Winners chosen for the 2021 teaching awards / This year, "Teaching in a time of pandemic" is specifically honoured
Dr. Nils Töpfer receives the teaching award for the best course concept for his seminar "On the scientific foundation of psychotherapy: a somewhat different introduction to effectiveness and process research". Image: Anne Günther (University of Jena)
The winners of the 2021 teaching awards at Friedrich Schiller University Jena have been chosen, including winners of special prizes for excellent teaching in spite of the challenges of the pandemic.
Dr Nils Töpfer of the Faculty of Social and Behavioural Sciences has won the award for the best course design with the seminar entitled "On the scientific foundation of psychotherapy: a somewhat different introduction to effectiveness and process research". The prize in the priority topic area "Dealing with diversity" goes to Prof. Michael Wermke, Dr Sophie Seher and Fahed Al’Janabi for the seminar "Cultural and religious sensitivity in work with parents". The teaching awards are endowed with 2,500 euros each and they will be presented on 23 November 2021 at the "Dies Legendi" (Day of Teaching).
The expert committee of the Academy for Teaching Development had no easy task in selecting the winners.
All nominations are of excellent quality and represent examples of very good university teaching as well as the strong commitment of the teaching staff.
Prof. Kim Siebenhüner Vice-President for Learning and Teaching at Friedrich Schiller University Jena
This year, the jury of the Academy for Teaching Development presented one-off "LiP Awards" for "teaching in a time of pandemic". From a total of 39 applications, one course per faculty was honoured with the award. "All teachers who receive a LiP Award are representative of many other teachers who, under the conditions of the pandemic, successfully converted their teaching to an online format at short notice or found other convincing solutions for delivering their courses," says Prof. Siebenhüner.
Putting the "gold standards" to the test together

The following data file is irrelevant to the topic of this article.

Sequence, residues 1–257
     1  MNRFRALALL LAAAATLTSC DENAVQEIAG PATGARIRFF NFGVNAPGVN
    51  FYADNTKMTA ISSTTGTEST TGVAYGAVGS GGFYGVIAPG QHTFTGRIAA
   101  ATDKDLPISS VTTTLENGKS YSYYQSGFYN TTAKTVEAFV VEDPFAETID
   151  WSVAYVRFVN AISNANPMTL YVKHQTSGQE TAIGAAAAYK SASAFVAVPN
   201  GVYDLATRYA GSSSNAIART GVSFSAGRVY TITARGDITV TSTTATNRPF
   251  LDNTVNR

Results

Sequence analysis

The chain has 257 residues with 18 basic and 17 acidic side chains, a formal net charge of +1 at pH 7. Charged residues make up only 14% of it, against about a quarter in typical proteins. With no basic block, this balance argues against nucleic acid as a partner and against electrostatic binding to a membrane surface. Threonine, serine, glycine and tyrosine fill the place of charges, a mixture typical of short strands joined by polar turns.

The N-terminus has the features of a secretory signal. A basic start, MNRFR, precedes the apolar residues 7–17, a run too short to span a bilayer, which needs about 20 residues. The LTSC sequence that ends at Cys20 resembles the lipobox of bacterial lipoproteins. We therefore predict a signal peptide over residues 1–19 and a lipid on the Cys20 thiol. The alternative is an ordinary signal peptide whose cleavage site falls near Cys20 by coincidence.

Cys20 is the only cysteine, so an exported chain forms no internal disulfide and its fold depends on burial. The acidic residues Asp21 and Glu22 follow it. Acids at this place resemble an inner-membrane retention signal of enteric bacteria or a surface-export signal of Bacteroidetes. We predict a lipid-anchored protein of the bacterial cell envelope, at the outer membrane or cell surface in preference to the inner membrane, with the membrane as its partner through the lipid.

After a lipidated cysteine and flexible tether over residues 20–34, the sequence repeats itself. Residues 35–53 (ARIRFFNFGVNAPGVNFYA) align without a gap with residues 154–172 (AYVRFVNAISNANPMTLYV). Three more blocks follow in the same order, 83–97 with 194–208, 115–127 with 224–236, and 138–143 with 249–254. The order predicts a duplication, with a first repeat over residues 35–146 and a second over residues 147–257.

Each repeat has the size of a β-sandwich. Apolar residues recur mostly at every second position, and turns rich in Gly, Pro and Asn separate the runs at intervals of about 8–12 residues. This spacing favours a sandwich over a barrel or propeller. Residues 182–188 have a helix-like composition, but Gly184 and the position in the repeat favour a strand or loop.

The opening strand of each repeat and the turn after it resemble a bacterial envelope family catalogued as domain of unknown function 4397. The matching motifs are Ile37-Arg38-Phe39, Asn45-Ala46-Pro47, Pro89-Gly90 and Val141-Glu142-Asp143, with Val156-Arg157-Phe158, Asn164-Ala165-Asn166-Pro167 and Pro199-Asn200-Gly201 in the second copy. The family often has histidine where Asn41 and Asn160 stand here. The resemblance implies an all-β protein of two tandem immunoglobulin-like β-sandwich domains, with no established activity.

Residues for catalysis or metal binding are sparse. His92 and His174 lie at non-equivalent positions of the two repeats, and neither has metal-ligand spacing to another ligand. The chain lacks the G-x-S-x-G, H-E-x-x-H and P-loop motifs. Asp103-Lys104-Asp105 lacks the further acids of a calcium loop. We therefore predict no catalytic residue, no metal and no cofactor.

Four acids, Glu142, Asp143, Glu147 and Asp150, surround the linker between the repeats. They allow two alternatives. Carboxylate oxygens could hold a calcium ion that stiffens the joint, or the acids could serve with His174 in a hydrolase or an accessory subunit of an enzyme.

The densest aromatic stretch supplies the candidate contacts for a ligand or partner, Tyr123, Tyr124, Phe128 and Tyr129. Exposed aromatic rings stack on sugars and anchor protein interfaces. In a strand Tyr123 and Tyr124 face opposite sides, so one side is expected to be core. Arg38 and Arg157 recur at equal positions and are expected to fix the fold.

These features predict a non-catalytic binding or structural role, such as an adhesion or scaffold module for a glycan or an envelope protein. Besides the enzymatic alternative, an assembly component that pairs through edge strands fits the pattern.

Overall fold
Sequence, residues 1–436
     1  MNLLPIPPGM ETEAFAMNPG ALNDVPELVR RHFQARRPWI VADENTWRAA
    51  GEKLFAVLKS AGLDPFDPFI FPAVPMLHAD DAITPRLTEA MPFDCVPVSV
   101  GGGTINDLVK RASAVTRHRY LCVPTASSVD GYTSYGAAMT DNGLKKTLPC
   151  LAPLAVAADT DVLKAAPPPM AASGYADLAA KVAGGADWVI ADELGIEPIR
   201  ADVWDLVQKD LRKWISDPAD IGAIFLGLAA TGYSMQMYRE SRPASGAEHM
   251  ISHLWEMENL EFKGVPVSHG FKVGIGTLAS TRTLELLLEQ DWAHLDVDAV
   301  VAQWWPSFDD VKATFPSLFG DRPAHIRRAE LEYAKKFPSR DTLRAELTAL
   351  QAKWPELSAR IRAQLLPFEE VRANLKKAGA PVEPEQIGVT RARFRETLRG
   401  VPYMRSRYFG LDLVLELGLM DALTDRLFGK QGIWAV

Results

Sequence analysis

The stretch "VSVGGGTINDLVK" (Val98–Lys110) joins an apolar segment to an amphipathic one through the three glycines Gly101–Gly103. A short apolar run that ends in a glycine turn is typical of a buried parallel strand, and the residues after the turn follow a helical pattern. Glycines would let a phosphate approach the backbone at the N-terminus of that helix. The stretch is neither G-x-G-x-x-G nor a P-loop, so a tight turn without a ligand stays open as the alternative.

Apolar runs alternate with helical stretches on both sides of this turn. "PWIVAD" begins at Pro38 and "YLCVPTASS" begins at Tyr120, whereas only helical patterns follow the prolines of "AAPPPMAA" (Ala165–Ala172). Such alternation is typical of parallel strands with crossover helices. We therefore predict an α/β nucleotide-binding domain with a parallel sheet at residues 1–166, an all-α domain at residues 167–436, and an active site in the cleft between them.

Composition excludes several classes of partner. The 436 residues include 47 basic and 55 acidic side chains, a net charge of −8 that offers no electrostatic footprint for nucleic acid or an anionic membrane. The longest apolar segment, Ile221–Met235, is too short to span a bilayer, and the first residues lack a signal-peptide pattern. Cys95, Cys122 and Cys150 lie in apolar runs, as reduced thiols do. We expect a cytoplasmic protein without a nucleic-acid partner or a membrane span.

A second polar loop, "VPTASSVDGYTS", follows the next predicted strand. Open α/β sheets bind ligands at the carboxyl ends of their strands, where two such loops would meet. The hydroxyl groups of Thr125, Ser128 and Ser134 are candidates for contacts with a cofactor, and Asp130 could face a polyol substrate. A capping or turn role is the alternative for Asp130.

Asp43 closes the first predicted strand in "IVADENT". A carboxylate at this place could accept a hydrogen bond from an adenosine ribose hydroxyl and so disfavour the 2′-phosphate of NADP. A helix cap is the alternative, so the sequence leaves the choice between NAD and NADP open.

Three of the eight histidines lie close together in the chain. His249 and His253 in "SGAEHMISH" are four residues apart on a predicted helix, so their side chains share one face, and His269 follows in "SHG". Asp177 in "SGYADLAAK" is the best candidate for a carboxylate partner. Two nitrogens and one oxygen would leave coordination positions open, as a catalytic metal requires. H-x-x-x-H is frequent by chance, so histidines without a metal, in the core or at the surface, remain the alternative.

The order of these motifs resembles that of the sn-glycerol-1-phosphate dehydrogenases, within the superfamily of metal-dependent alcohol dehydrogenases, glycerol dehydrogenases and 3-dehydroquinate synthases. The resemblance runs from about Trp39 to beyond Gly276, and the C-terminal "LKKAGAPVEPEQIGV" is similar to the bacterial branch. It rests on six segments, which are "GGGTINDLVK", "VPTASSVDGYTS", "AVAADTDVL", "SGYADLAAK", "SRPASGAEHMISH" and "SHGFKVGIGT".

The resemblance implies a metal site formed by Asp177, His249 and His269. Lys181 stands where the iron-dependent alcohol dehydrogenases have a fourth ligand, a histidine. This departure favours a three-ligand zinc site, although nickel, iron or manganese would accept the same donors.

With his "somewhat different introduction to effectiveness and process research", Dr Nils Töpfer wishes to enable his students to take individual responsibility for developing a well-founded personal position. "The seminar provides an atmosphere that leaves plenty of room for critical discussion," says the psychologist. In the process, the "gold standards" of psychoanalysis are repeatedly subjected to critical examination. Töpfer developed the seminar primarily for students in the 5th and 6th semesters. In terms of content, the aim is to examine research on psychoanalysis as an example of evaluation research. "We look together at what concepts exist in psychoanalysis, how they are formed and what use they are," says Töpfer. The metaphor of the horse race has proven to be unhelpful, as it is not a matter of which method is the best. The aim is rather to work out which characteristics are common to all therapy methods. One important component is the relationship between therapist and patient. In research, the focus is mostly on a change in symptoms, while questions about general satisfaction with life, personality development or dealing with conflicts play a subordinate role. "The students should form their own opinions, because there is no perfect solution," says Nils Töpfer. The 34-year-old has been working in Jena as a research associate for eight years. Töpfer studied in Jena and at the University of Cambridge. He developed the seminar on psychoanalysis based on the ideas he felt were lacking in his own studies, in particular critical viewpoints on his own subject. For him, the 2021 teaching award is confirmation that he has chosen the right path.
Integration means a rapprochement from both sides